Aphid Control in Your Northeast Ohio Landscape

arrow pointing left

Aphids are insect pests that feed on many tree and plant species in Northeastern Ohio.

Effective aphid control starts with identifying the pests and recognizing the damage they cause.

Once correctly identified, there are several methods you can employ to battle the aphid populations attacking your trees and plants.

What are Aphids?

Aphids are a large group of insects of the superfamily Aphidoidea. There are over 1,300 species of Aphids in the United States though only a handful are considered pests. However, pest aphids are a common problem in Northeastern Ohio that can injure your plants and trees, even killing them if infestations are severe enough.

Pale-green aphid nymphs and a single, winged adult feed on the underside of a veiny green leaf.

Aphid nymphs and a winged adult feeding on the underside of a leaf. Image used courtesy of Whitney Cranshaw, Colorado State University, Bugwood.org.

Identifying Aphids

Also known as “plant lice” or “ant cows,” aphids come in various colors, including light green, brown, black, purple, or red. Aphids are 1/16 to 1/8 inch long and show up in large numbers on the leaves and stems of your trees and plants.

Aphids can be identified by their thin legs, long antennae, and pear-shaped bodies. These tiny but voracious pests use their piercing mouth parts to suck out the juices inside plant tissues. Some aphid species are even known to feed on plant roots.

Understanding Aphid Reproduction

Aphid reproduction differs depending on the species. Some reproduce asexually, some alternate between sexual and asexual reproduction, and others complicate the strategy further by using multiple host plants to complete their reproductive cycle.

Asexually Reproducing Aphids

The simplest form of aphid reproduction is asexual. In this case, females give birth to live female nymphs that immediately start feeding on their host plants. These “clones” shed their skins several times to complete their development, all the while sucking the life out of the trees and shrubs they feed on.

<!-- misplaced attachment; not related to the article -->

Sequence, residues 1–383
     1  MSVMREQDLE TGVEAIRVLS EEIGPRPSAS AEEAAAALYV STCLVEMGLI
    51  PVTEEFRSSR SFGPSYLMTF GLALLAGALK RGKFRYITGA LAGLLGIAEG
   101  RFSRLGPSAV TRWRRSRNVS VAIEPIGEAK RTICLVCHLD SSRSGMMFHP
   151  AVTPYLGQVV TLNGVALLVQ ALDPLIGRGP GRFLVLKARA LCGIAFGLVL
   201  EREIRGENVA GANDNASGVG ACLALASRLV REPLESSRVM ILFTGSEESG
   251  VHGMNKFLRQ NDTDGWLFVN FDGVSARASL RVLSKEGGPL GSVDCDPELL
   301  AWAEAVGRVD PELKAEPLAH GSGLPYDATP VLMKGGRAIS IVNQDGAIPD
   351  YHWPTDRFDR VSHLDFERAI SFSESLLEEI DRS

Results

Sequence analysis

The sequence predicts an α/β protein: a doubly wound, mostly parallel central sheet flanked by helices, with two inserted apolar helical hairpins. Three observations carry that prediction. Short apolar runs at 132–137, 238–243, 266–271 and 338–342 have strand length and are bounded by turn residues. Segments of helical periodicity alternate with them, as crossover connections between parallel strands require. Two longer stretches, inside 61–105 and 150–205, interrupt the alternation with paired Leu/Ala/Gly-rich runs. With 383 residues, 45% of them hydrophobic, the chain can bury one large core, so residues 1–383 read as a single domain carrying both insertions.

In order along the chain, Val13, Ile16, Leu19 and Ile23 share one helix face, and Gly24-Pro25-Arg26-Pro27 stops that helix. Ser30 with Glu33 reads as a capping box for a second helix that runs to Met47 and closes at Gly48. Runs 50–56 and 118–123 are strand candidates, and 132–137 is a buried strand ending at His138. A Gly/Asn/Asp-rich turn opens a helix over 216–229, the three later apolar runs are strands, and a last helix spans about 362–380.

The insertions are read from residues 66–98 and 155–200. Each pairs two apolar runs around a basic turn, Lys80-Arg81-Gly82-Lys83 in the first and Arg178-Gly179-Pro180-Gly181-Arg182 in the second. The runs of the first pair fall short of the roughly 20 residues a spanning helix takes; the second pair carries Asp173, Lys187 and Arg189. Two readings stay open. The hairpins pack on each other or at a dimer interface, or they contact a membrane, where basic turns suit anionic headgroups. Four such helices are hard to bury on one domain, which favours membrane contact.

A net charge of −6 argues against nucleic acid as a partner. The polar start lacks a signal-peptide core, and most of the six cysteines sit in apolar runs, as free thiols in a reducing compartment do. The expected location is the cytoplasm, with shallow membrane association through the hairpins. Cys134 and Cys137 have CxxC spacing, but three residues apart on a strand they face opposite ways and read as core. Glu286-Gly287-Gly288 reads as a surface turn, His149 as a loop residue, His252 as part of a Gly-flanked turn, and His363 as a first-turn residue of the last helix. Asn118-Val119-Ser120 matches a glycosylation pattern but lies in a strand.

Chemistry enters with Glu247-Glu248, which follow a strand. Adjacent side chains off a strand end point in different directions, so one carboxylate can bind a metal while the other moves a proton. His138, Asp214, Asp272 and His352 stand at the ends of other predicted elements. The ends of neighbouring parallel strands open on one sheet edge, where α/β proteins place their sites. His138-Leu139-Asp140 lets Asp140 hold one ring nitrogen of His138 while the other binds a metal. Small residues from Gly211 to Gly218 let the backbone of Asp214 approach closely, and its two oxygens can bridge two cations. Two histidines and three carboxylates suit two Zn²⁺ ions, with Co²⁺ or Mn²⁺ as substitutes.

As the colony gets larger, winged forms of aphids develop that move on to colonize other plants. The lifecycle of these asexual aphids is completed in 10-14 days.

Sexually Reproducing Aphids

A second group of aphids alternates between asexual and sexual reproduction depending on the time of year. Through the spring and summer, the exclusively female population asexually reproduces only more females for the first part of the year.

When fall approaches, the females start producing males and females who reproduce sexually, with the females laying eggs that will overwinter on the host plants. Come spring, the eggs hatch and the cycle of asexual to sexual reproduction begins again.

Sexual Reproduction Using Multiple Host Plants

The third aphid reproductive strategy is more complicated and involves alternating between asexual and sexual reproduction and switching plant hosts. This strategy begins with the asexual reproduction of female aphids, like the previous strategies.

However, winged aphids fly in late summer to find new plants. These flying aphids lay their eggs on the new host plant. The eggs then hatch as sexually reproducing males and females. After mating, the females return to their original host plant to lay their eggs. The eggs overwinter on the plant until they hatch in the spring, beginning the cycle again.

A dark branch is covered with black sooty mold with dark aphid nymphs and ants feeding on honeydew.

Black sooty mold is a common sign of aphid infestations. It grows on the sweat, sticky honeydew excreted by aphids as they feed on plants.

Recognizing the Signs of an Aphid Infestation

Honeydew, Ants, & Sooty Mold

As they feed on your plants, aphids secrete a sticky golden liquid called honeydew. This sweet substance attracts ants, flies, and other insects seeking a meal, becoming pests themselves.

The honeydew soon becomes covered in sooty mold, a generally benign black fungus. Though harmless, sooty mold reduces the natural beauty of your plants. Fortunately, sooty mold goes away on its own, but not until the aphid infestation is controlled.

How to Get Rid of Aphids

Several methods can be used to control aphids depending on the size of the infestation and the level of intervention required.

Using Plants to Deter Aphids

There are several plants and herbs you can incorporate in your landscape to repel aphids. These include:

  • Garlic
  • Chives
  • Leeks
  • Fennel
  • Dill
  • Cilantro
  • Catnip
  • Marigolds

These plants deter aphids due to their scent. There are also several “trap plants” that have been shown to effectively control aphids. These plants work by drawing aphids to them, localizing populations for easier control.

Removing Aphids with a Hose

You can spray your plants gently with the stream from your garden hose for minor infestations. The water will wash the aphids away, and since aphids can’t climb, they won’t be able to return to the host plant. Spraying with water should be done periodically to control new infestations.